Holly Williams is making a name for herself apart from her famous father, Hank Williams Jr.
"I'm a big cook, I love southern meals," songwriter Holly Williams says, adding, "(but) I can't beat my grandmother's sweet potato recipe!" Williams is down-home girl, southern bred. She was born in Nashville and, as the daughter of Hank Williams Jr., has solid ties to the music industry. Songwriting is definitely in this woman's blood.
In February 2013, Williams released her third studio album, "Highway," on her imprint Georgina Records. Her last album, "Here with Me," was in 2009. "It took me a long time to grow as a songwriter, performer and singer, and to kind of realize what I wanted to talk about and what I wanted to say," she says of her downtime time from 2009 to 2012.
"Drinkin'" is her first single from "The Highway," and it's a fan favorite for good reason. Embedded in this funky, raw folk tune are invisible stories of poverty, substance abuse and dysfunctional relationships that many people can relate to personally, or through a friend or loved one. "My songs are either 100 percent biographical or stories from friends of mine," Williams says.
With roots in rural Louisiana, Williams says she's observed the never-ending cycles that can occur in small towns as a result of joblessness and boredom. The video, recorded in her middle Tennessee backyard, adds even more rawness to the song.
Upon its release, "The Highway" caught the attention of producers on "The Tonight Show with Jay Leno" and, in 2013, they invited Williams to perform "Let You Go" on the show.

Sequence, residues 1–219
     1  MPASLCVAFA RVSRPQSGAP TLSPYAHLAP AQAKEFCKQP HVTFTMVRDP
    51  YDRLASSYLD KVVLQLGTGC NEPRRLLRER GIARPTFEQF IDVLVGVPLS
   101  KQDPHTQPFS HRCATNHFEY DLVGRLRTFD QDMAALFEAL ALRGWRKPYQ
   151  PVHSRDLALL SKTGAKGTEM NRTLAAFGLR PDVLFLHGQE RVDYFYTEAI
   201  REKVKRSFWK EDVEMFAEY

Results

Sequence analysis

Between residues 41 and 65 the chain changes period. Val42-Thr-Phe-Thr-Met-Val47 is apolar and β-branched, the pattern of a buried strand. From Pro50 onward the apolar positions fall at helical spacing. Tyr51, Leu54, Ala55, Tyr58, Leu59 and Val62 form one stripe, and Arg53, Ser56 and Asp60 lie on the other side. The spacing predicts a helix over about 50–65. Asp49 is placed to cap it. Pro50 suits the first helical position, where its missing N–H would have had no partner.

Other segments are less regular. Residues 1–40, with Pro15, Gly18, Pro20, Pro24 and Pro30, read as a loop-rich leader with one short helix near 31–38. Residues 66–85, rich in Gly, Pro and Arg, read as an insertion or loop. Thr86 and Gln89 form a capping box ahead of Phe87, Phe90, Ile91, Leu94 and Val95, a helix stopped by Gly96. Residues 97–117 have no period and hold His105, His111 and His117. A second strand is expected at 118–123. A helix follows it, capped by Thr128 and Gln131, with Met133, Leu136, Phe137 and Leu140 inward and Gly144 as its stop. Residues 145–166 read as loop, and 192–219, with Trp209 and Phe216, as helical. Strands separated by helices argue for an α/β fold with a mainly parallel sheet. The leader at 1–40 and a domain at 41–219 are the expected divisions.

Williams has toured both in the U.S. and internationally—she lists Paris, Amsterdam and "a little town outside Dublin" as some of her favorite places from a recent European tour.
With powerful songwriting and catchy guitar rifts, Williams' music is relatable to an array of people.
Like many of her musical predecessors, Williams credits a religious foundation ("I was raised in the church," she says) and her family for making her who she is, and giving her the spiritual insight found in her lyrics.
Take for instance, the last track on her album, "Waiting on June." "It's about my grandparents," Williams says. "It's really their life story from beginning to end." Williams says she's been surprised with its reception: "I never would have thought a seven-minute folk song would be so popular."
Williams' shows, she says, are about her guitar and her stories. "My music is for people who love hearing stories, and hopefully my music will resonate with them somehow," she says.
Holly Williams performs at the MSU Riley Center (2200 5th St., Meridian, 601-696-2200) April 12, at 8 p.m. For more information, visit hollywilliams.com.